I don’t think of myself as being that important that I have to live for me. I look at myself as a little speck in what makes the world wonderful. One tiny grain of sand in the sandbox of humanity."
"So why did you say yes to this cover story?"
I guess because somebody younger than I am could read this and realize how important their family relationships are. Sometimes people take for granted what great families they have. I thank God everyday for mine, although I do realize a lot of people have shitty families. I’m sorry about that."
Your relationship with your father is pretty shitty. Has he ever said that he loved you?"
"What did he say when you told him you were HIV positive?"
"’I hope you’ve got good insurance.’ That was it. It’ll work out somehow. Thought it will take a lot of forgiveness on my part. He’s the one who dropped the ball. My dad told my mom back when I was just a little kid, ‘You know, Ty is going to grow up to be a queer.’ It was really obvious. I was playing with my sisters’ Barbie dolls. I would make little tin foil outfits for them with matching hats! But I also had G.I. Joe dolls because they were so darn attractive. I told my mom I was gay when I was seventeen. When I told her she went, ‘Yeah, I knew already.’ She’s always been pretty homo friendly."
Is she a fag hag?"
Well…yeah… but I don’t like that term. It sounds so degrading. Homo friendly describes her better. You know, I don’t think she’s too bothered by it. I’m sure if it bugged me more, then she would be more stressed out about it. But I try and let everybody know that it’s not such a big deal so they don’t have to feel for me."
"He’s a very sweet man." Joanne tells me later when I ask her to describe her son. "Very generous. Very courteous. Extremely creative. I’m really proud of him."
He told me that you weren’t shocked when he told you he was gay. Were you shocked, however, when he told you he was HIV positive?"
"I wasn’t expecting it," she admits. "I cried for a day, but now I try to think very positively about it. I think the government is finally coming around to the fact that it is an important disease that’s killing people. I don’t think they have it on the back burner anymore. But Ty is taking good care of himself. He works out. He eats very well," she continues (Ty had already having told me that he has only experimented with taking DDI, never AZT, during the four years since his diagnosis). "He doesn’t do drugs," she says, "at least to my knowledge. Oh, maybe a joint or two, but that never hurt anybody. I mean, I do it now and then, too. Did you see Tales of the City?"
"See it? I was in it" I played one of the haughty homos." I tell her.
"Oh, God! That’s right!" Joanne exclaims. "That show just really touched me. I related to Dukakis so much."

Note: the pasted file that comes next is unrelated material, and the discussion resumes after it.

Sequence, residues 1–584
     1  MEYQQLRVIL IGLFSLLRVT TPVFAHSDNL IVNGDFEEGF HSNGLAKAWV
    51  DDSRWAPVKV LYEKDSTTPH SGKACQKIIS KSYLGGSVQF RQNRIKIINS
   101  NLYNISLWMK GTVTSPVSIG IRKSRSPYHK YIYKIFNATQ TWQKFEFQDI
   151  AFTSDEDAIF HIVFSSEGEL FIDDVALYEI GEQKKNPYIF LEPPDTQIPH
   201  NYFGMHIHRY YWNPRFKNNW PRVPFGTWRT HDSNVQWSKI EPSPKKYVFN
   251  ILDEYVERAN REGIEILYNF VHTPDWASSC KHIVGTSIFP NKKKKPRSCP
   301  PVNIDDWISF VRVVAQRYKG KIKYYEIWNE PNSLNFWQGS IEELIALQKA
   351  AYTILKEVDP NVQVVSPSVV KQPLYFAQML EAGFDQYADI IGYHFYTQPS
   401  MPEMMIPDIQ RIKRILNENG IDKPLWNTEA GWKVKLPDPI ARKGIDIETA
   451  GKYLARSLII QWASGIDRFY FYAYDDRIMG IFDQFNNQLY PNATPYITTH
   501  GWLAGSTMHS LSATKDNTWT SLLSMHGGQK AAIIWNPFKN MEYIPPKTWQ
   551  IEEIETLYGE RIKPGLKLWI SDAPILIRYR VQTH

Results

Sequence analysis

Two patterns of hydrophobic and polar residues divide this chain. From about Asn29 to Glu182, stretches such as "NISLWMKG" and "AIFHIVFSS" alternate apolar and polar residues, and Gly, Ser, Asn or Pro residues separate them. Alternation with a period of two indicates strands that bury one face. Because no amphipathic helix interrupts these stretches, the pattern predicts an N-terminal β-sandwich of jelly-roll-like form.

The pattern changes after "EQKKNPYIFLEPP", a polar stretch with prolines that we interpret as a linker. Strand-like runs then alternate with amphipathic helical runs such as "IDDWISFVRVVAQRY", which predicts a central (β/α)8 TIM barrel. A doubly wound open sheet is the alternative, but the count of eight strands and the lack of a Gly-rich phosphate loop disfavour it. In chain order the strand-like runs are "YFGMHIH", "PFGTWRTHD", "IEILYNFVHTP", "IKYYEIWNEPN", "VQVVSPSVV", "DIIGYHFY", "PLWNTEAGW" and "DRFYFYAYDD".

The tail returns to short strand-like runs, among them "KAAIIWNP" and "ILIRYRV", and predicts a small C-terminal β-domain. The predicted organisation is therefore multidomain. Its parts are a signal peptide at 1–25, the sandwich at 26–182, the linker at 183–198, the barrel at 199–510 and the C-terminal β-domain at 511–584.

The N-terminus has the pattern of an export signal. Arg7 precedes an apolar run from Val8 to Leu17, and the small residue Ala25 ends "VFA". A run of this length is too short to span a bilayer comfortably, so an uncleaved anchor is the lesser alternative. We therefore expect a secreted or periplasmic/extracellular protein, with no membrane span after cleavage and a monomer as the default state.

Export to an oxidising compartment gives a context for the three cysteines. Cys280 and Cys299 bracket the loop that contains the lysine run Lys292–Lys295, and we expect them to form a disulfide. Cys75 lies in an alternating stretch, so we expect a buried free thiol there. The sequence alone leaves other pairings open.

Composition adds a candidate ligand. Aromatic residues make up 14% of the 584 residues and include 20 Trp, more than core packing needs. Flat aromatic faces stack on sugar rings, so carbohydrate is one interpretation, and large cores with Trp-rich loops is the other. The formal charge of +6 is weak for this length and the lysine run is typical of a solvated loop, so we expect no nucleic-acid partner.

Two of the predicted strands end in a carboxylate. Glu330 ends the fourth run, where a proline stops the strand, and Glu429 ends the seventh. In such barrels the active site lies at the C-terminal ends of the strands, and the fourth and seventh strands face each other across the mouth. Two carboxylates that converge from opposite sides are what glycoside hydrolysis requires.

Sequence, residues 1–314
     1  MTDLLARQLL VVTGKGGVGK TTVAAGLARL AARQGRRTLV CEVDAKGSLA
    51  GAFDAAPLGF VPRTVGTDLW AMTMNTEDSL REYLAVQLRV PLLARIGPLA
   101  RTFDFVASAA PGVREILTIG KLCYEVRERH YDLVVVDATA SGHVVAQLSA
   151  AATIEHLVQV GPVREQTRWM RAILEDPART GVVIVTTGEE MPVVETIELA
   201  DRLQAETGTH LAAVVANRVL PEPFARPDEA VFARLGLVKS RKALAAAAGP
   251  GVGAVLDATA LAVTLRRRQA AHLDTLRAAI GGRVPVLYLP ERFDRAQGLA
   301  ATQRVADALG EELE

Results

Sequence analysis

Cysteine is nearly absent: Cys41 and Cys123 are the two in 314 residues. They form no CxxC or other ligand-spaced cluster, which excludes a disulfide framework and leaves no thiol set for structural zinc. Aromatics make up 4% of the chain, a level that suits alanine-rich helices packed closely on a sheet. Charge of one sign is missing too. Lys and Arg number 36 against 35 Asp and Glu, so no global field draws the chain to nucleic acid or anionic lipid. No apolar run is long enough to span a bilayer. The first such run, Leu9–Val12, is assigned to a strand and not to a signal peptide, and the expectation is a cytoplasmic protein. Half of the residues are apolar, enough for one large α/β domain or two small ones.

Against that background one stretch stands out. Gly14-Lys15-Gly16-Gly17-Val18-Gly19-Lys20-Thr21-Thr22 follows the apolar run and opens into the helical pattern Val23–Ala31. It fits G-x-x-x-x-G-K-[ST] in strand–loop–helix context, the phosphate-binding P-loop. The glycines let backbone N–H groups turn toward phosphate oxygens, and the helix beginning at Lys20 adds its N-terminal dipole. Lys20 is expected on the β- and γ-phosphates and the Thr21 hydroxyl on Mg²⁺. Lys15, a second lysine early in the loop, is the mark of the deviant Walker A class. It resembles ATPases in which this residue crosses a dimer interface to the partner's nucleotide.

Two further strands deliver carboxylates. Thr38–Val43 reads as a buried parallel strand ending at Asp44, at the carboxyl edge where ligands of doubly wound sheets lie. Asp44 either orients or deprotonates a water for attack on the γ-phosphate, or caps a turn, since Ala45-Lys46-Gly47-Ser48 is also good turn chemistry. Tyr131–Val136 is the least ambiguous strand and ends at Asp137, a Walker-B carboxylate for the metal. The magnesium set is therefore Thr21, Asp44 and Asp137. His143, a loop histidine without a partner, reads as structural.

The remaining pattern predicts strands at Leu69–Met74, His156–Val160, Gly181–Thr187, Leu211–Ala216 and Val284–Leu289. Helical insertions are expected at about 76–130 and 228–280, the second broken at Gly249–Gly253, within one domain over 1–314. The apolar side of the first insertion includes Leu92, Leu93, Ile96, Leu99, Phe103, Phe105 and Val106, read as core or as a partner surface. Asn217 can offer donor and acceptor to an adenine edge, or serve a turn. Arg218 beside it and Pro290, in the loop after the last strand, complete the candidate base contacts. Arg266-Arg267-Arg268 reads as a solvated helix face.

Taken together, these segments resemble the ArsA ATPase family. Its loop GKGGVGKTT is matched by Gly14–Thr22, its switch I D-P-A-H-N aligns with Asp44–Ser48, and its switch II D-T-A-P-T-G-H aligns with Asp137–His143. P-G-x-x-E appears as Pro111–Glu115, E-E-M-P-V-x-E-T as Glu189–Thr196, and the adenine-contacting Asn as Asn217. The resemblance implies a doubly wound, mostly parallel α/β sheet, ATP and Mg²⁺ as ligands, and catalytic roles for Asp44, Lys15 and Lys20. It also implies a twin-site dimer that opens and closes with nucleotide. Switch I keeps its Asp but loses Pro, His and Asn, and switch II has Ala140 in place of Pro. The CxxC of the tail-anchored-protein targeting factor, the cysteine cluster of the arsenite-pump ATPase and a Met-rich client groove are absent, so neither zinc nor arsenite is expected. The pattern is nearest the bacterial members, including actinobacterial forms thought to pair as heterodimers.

"Olympia, not Michael, " I offer.
"Obvisouly," she says, laughing.
"She was wonderful in that part. That’s the kind of kooky lady I am."
"How has your father dealt with Ty’s diagnosis?"
"He knows about it, but he doesn’t like to talk about it," Joanne says, her voice growing quieter. "It’s too sad for him to think about it, I think."
"He’s not the type of grandfather who will come and ask you about your health," is Ty’s own take on Barry Goldwater’s reaction to his condition. "Look, he’s had a whole life of people wanting things from him. You’re out in public with him, and he’s like a magnet. People will just come up and stand next to him waiting to meet him. It’s really strange. I look at him as just my grandfather, but he’s also this famous person who demands all this respect from everyone. It’s a little odd, but we try to deal with it. Now that he’s out of his Washington life he’s been much more accessible and more relaxed. His wife told him about my diagnosis. He married her after my grandmother died. He called the hospital asking for a nurse to take care of him, and the two of them hit it off. She’s much younger than he is. He’s in his 80s, she’s in her 50s. Since she’s a nurse, I let her know just to see if she knew of any connections for drug trials. Then she went ahead and communicated to my grandfather that I was HIV positive. But he and I never talk about i t. I can tell by the way he looks at me, though, that he knows that I could be gone tomorrow. Just the way he looks at me I can tell he’s proud of me for hanging in there. I can se it all in his eyes."
I can see it all in Ty’s eyes.
We have taken a lunch break from the photo shoot and joining us is a young man who was, only a couple of years ago, one of the top models of Los Angeles. He had telephoned Greg Gorman earlier and insisted on showing up for the Mexican food that has now been arra nged on the dining table. "I haven’t seen this guy in a long time," Gorman whispered to me as he was changing his lens for Ty’s next pose. "But he’s adamant about coming over. Said he was even taking a cab. I think he might be sick. Trust me, this guy was one of the great beauties."